An international group of leading ecologists and economists have warned that worldwide fisheries could totally collapse by 2048 if no action is taken to halt current levels of overfishing. In findings from an extensive global study published in the journal Science, they said that at current rates, fish stocks risked declining to an extent that would render commercial fishing impossible and recovery unlikely. The four-year evaluation found that about one third of open sea fisheries have already collapsed, a trend exacerbated by the changes produced by broader losses in marine biodiversity. The researchers pointed to fishing, pollution, climate change, increasing acidity of the ocean and the destruction of marine habitats as some of the key factors for the decline.
A Canadian-led research team also warns the world’s fisheries are on track to collapse by the middle of this century, unless there is a revolutionary change to the management of fishing resources. The team projects the global collapse of all taxa (species) currently being fished by the mid-21st century. The team notes bigger boats and new technology are chasing fewer fish the global catch fell by 13 per cent between 1994 and 2003.
The over-exploitation and mismanagement of fisheries has already led to some spectacular fisheries collapses. The cod fishery off Newfoundland, Canada collapsed in 1992, leading to the loss of some 40,000 jobs in the industry. The cod stocks in the North Sea and Baltic Sea are now heading the same way and are close to complete collapse.
Another international team of researchers have demonstrated that commercial fishing compromises a species’ ability to buffer itself from environmental variations such as El Niño, resulting in a “double jeopardy” situation in which populations are depleted by the fishing itself and also made more vulnerable to threats other than fishing. The scientists reported that fished populations tend to show more extreme variations because fishing selectively culls the larger, older individuals, the fish that are most able to buffer random environmental variations. Those individuals also tend to be the most reproductively active. In a fished population, the average size and age of individuals decline and the resultant stock of near-juveniles is less able to cope with environmental stresses. (Scripps Institution of Oceanography at the University of California at San Diego; the Southwest Fisheries Science Center of the U.S. National Marine Fisheries Service; Imperial College, London; and the University of Oxford.)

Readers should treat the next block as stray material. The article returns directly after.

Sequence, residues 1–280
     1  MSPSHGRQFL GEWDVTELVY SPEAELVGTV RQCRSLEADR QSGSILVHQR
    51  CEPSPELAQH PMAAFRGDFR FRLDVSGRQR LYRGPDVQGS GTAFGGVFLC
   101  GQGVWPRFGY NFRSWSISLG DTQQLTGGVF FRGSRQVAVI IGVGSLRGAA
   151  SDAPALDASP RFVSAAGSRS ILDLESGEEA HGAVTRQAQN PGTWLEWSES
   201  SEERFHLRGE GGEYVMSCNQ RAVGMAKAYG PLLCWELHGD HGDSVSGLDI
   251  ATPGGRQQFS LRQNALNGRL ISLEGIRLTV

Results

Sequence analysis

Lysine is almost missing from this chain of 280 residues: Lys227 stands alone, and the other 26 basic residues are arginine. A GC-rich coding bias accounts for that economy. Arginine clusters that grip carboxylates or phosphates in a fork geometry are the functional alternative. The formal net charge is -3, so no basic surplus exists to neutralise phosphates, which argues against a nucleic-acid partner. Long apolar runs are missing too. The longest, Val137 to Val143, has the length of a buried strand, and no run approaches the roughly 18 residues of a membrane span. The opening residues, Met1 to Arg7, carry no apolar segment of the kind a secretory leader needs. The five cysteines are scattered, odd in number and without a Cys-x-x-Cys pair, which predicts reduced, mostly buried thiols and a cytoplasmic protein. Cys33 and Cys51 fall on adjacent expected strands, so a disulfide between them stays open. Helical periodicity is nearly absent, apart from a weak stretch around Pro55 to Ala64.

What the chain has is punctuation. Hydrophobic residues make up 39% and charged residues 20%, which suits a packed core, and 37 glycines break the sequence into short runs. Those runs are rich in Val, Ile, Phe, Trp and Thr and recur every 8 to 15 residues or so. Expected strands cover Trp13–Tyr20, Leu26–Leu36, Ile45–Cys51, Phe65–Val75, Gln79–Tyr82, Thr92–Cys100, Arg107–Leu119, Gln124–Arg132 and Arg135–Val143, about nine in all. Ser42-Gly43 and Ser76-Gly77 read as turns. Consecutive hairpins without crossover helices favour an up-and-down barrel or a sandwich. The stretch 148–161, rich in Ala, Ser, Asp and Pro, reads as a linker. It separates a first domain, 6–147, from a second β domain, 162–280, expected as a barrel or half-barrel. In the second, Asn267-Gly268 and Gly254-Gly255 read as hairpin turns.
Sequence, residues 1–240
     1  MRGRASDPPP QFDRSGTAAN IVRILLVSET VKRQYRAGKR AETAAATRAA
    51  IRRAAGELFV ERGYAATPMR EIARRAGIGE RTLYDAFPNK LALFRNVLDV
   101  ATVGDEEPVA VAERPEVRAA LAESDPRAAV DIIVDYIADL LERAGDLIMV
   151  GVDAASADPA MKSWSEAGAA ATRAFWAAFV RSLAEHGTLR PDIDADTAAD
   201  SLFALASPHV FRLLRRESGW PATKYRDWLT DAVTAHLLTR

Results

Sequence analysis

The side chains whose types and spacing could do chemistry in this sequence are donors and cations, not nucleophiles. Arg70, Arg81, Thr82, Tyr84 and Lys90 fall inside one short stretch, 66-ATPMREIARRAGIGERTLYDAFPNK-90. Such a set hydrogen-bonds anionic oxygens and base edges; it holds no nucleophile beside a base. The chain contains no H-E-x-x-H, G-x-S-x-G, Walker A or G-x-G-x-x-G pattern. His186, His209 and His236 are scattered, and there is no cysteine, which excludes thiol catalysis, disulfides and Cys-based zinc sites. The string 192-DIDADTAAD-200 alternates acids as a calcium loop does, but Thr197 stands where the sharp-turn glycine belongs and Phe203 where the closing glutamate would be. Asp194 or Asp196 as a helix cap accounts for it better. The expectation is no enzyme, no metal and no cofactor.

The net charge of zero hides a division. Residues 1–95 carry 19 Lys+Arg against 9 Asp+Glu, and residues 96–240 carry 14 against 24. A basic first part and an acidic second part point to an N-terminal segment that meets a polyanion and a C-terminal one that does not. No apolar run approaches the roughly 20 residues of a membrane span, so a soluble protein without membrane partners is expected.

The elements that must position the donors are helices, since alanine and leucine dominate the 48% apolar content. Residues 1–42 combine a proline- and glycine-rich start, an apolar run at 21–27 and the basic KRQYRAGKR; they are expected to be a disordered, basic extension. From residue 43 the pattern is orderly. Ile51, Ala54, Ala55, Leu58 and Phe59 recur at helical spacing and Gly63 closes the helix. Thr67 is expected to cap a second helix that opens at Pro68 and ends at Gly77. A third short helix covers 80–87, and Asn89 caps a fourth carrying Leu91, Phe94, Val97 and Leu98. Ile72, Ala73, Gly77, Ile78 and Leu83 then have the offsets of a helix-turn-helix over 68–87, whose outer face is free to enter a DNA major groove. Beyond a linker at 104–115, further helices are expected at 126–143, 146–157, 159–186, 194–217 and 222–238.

Illegal, Unreported and Unregulated (IUU) Fishing
IUU fishing undermines national and regional efforts to conserve and manage fish stocks and, as a consequence, inhibits progress towards achieving the goals of long-term sustainability. IUU fishing also greatly disadvantages and discriminates against those fishers that act responsibly, honestly and in accordance with the terms of their fishing authorizations. This is a compelling reason why IUU fishing must be dealt with quickly and in a transparent manner. If IUU fishing is not curbed, and if IUU fishers target vulnerable stocks that are subject to strict management controls or moratoria, efforts to rebuild those stocks to healthy levels will not be achieved.
Fishing and Climate Change
“An expected characteristic of global climate change is a likely increase in the variability of environmental conditions. Experience already gained in dealing with longer term fluctuations in marine environments, such as those induced by El Niño events, emphasize the need for adaptability. As well, ensuring sustainable economic levels of fishing capacity should be determined with the variability in mind. The effects of climate change on fisheries will impact a sector that is already characterized by full utilization of resources, large overcapacity and conflicts among fishers, and others, vying for alternative uses of marine ecosystems. Thus, climate change adds a further argument for developing effective and flexible fisheries management system in an ecosystem context.”FAO – The United Nations
Today, more people than ever depend on marine fisheries but the ocean’s ability to meet their needs is in grave danger. Cultured fish now accounts for about a third of all fish consumed in the world, and the U.S. and other nations are looking for ways to reduce the amount of fish they import. Yet in the U.S. and elsewhere, proposed aquaculture laws fail to set environmental standards or sustainable management tools for these marine based fish farms.